A significant factor: in 70 years, is that the highest-paid executives in the United States received 40 times the salary of the lowest paid workers of their companies. In 2007, they started to receive 400 times more. In those 70 years, Packer records, the American elites were even responsible for the fate of the country, and with the natural exceptions, watched over by their institutions and interests.
There is, the author ponders, a lot of injustice, especially against blacks from the South. Like all seasons, the post-war until 1970 had its costs, but the situation in 2011 had seemed bearable.
In 70 years, there was stagflation, which combined economic stagnation with inflation and high interest rates. Wages were eroded by inflation, unemployment rose, and the confidence of Americans in government fell, also because of the Watergate scandal and the disaster that was the adventure of Vietnam.
Capitalism seemed in danger and this alarmed the wealthy, who sought to respond immediately. They worked – especially since 1978 – to secure their position, making it even stronger. They tried to strengthen their influence by enhancing lobbyng, which has always existed, but, except for some cases, was limited to whiskey and cigars.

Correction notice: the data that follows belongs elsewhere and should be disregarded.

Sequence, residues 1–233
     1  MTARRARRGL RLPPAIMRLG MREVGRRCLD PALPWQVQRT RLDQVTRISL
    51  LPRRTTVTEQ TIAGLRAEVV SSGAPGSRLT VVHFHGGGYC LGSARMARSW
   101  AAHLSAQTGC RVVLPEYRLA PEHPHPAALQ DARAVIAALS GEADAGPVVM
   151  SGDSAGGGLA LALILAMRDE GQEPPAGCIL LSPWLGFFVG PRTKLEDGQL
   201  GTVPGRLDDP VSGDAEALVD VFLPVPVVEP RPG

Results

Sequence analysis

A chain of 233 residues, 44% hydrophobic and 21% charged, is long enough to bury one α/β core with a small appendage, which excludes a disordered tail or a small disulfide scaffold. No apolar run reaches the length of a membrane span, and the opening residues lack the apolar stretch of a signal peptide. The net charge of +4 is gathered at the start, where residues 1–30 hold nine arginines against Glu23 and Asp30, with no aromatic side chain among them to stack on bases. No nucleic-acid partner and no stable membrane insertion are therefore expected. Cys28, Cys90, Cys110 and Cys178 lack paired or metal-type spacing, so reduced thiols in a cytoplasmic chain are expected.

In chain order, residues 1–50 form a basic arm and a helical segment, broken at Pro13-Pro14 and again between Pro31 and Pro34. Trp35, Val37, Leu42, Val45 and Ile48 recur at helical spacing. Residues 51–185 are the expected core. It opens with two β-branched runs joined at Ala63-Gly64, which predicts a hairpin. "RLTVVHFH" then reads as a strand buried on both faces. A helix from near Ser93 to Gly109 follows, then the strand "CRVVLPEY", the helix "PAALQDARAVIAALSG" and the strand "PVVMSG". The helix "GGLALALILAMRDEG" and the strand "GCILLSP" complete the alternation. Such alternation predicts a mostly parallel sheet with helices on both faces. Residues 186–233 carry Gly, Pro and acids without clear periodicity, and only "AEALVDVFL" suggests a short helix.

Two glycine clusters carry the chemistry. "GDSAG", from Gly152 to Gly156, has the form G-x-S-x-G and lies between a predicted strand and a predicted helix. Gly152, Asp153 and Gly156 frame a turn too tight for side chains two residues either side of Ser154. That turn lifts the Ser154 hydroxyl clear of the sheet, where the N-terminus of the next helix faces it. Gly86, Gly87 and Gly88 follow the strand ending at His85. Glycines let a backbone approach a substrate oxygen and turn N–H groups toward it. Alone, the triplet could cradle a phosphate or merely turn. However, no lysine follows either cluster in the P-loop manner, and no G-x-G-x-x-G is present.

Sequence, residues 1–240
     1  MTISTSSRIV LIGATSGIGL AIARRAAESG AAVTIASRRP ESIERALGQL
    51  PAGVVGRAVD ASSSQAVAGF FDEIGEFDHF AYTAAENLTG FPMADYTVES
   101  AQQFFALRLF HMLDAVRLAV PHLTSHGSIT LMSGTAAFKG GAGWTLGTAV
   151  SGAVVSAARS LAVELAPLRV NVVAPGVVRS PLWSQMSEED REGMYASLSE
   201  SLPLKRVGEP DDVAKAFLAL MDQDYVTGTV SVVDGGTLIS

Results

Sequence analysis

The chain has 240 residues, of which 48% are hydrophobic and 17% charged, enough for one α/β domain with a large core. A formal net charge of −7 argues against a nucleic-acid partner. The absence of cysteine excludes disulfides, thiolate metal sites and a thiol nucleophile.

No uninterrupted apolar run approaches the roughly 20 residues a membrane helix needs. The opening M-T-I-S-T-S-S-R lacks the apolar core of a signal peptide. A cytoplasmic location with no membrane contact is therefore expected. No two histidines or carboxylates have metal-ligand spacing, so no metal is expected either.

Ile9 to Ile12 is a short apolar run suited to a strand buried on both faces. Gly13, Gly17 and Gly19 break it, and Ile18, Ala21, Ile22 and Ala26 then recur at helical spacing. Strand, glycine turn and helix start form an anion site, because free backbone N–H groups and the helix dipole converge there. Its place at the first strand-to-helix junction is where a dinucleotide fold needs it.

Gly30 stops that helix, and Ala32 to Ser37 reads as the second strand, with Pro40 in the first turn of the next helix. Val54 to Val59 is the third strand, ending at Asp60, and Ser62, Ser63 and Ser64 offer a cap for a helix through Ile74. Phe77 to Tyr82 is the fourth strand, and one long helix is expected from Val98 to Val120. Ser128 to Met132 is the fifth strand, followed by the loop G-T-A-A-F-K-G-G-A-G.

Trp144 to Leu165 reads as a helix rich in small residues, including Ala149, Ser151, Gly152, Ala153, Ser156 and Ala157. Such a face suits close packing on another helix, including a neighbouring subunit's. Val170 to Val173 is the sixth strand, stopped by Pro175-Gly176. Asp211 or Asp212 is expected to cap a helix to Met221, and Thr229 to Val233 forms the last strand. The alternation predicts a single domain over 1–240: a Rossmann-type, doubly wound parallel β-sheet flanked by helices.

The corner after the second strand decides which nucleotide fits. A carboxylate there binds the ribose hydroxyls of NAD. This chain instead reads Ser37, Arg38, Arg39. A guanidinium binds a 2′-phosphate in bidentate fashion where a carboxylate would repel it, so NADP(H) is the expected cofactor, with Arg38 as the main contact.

Since then, bribery has become common practice. In 1971, there were 141 companies represented by lobbyists in Washington. In 1982, there were 2,445.
Reagan’s long and massive transfer of income in the country in favor the wealthiest Americans became more serious. It was constant, both in the best periods of the economy as the worst, under Democratic presidents or Republican, or Democrat to Republican majorities in Congress.
Representatives and Senators – always with exceptions – started to normally receive bribes from Wall Street. Packer cites the statement of Republican Robert Dole in 1982, “The poor do not contribute to election campaigns.”
Packer goes deeper: inequality is like an odorless gas that reaches all corners of the country – but it seems impossible to find its source and close the tap. Between 1974 and 2006, the income of the middle class grew 21%, while that of poor Americans grew by only 11%.